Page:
would not be returned to her once she got back from Montana even though there was 

evidence to the contrary, and she also argues the master found that the Dubovs were not 

considering adoption in the fall of 2009 despite "evidence" that they were doing so. 

However, in both those cases the master relied upon evidence that was presented.  There 

was testimony that Paula herself initiated the removal of the children from her care, and 

the evidence admitted in court suggested that the Dubovs supported Native placement. 

Although there was evidence that the Dubovs were seeking adoption or at least that it 

was an option in August 2009, it was not admitted at the hearing. 



                                                  -13-                                             6671
 


----------------------- Page 14-----------------------

Because this argument was only raised in Paula's reply brief, OCS did not address it. 



The GAL, however, did address this issue in her brief, pointing out that while Paula was 



not   given   notice   of   the   hearing   and   did   not   attend,   she   was   given   notice   that   the 



testimony would be used at the later hearing and could have called and examined or 



cross-examined any witness from the earlier hearing. The GAL also points out that Paula 



did not object to the use of the September 2010 evidence at the later hearing. 



                The GAL is correct in her assertion that Paula was given notice of OCS's 



intent to rely on the September 2010 hearing.  The proper time for Paula to have raised 



this argument was in the superior court.  The CINA rules provide for the introduction of 

the previous testimony,19 and because Paula did not object to the master's consideration 



of the evidence from the September 2010 hearing, the master cannot be faulted for her 



consideration of that evidence. 



        B.	     The Failure To Provide Statutorily Mandated Notices In The CINA 

                Proceedings Did Not Violate Due Process. 



                Paula raises several claims that she was denied due process. She argues that 



she should have been provided with notice of her right to challenge placement in 2009,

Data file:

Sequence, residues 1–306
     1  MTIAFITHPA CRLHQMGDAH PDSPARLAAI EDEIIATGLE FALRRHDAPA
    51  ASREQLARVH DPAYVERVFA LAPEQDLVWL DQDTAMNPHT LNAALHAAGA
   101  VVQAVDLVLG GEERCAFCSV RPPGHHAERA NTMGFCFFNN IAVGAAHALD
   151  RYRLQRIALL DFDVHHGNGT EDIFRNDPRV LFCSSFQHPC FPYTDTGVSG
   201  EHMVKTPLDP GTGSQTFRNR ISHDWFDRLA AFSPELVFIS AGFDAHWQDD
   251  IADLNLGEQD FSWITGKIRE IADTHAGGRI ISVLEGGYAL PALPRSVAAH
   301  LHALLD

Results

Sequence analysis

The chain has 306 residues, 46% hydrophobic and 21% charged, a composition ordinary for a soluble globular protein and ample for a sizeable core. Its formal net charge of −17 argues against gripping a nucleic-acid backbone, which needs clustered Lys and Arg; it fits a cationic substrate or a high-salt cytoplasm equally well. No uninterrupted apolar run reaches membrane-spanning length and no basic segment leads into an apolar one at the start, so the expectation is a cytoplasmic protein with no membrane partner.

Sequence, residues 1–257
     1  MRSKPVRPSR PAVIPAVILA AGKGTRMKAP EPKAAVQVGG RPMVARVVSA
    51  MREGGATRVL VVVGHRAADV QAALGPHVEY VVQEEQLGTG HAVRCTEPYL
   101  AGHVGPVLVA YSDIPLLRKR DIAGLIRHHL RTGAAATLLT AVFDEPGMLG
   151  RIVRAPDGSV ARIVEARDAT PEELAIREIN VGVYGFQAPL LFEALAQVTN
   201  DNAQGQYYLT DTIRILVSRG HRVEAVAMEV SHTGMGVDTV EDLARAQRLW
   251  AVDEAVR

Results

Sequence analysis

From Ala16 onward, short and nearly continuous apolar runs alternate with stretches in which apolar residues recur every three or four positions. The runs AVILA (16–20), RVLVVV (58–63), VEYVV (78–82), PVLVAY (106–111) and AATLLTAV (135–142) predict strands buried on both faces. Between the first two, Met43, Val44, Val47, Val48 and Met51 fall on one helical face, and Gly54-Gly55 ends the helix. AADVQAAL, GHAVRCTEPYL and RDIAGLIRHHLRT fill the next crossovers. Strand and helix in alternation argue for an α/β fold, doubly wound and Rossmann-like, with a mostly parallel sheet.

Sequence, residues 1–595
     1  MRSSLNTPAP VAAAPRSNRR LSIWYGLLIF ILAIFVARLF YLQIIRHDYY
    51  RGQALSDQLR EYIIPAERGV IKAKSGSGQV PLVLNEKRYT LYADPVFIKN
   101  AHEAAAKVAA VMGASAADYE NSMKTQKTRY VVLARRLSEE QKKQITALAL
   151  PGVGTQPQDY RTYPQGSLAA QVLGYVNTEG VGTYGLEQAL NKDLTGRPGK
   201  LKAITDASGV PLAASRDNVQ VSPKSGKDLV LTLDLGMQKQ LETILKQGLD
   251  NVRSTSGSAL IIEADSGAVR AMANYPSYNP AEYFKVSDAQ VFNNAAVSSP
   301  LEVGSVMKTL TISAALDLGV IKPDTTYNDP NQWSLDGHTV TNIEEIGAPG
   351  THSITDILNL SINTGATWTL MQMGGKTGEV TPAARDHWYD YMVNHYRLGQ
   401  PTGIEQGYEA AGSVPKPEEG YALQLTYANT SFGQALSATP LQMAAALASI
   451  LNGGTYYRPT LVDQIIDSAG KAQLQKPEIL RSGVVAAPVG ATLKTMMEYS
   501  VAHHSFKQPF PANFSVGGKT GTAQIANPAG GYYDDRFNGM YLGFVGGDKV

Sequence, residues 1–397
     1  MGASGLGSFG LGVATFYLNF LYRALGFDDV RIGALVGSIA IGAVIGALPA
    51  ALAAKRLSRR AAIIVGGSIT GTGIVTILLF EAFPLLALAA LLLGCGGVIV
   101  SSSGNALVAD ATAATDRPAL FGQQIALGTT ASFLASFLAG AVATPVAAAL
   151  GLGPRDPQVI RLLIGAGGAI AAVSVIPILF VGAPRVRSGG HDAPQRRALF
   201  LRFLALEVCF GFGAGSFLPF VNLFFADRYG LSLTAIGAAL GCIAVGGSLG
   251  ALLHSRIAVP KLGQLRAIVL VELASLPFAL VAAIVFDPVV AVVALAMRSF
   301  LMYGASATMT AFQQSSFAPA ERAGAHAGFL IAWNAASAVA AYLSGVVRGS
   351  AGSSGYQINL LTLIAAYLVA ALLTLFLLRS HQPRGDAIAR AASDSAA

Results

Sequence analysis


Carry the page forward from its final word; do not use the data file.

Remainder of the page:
her   right   to   challenge   denial   of   visitation   with   the   children,   and   her   right   to   attend 



permanency hearings in 2009.           We address each separately as different rules apply to 



each.  In each case, we ask two questions: first, whether Paula was entitled to notice, and 



second, whether failure to provide notice was a violation of her due process rights. 



        19	     CINA Rule 17(e) provides: 



                Hearsay       which    is   not   otherwise     admissible     under     a 

                recognized exception to the hearsay rule may be admissible 

                at the disposition hearing and in review of a disposition order 

                if   the    hearsay    is   probative    of   a   material    fact,   has 

                circumstantial       guarantees      of   trustworthiness,     and    the 

                appearing parties are given a fair opportunity to meet it. 



                                                  -14-	                                            6671
 


----------------------- Page 15-----------------------

                 1.       The transfer of placement 



                 Paula   argues   that   as   a   foster   parent   she   was   entitled   to   notice   of   the 



children's   transfer   of   placement   from   her   care   in   July   2009.      She   argues   that   the 



children's   placement   with   the   Dubovs   while   she   was   in   Montana   was   a   temporary 

placement and that she was entitled to notice once OCS decided to make it permanent.20 



Additionally,       she   construes     this   placement      decision    as   "essentially    a   denial   of 



placement," and therefore argues that she was entitled to know the basis for the removal 



and to request a hearing.  OCS and the GAL concede that there was no notice, but argue 



that Paula was not entitled to notice because she initiated the transfer. 



                 Alaska   Statute   47.10.080(s)   provides   that   foster   parents   are   entitled   to 



notice     of  non-emergency         transfers    of   children    for   whom      they   are   caring,   and 



AS 47.14.100(m) provides that grandparents are entitled to notice of the right to appeal 



an OCS decision   not to place a child with them.                 Paula was the foster parent and a 



grandmother        and    thus   would     have    been    entitled   to   notice   of   a  transfer    under 



AS 47.10.080(s) and AS 47.14.100(m). But in this case, she did have notice because she 



requested the transfer herself.         Although Paula disputes that she requested the transfer, 



the master found that Paula initiated the removal of the children, and Paula does not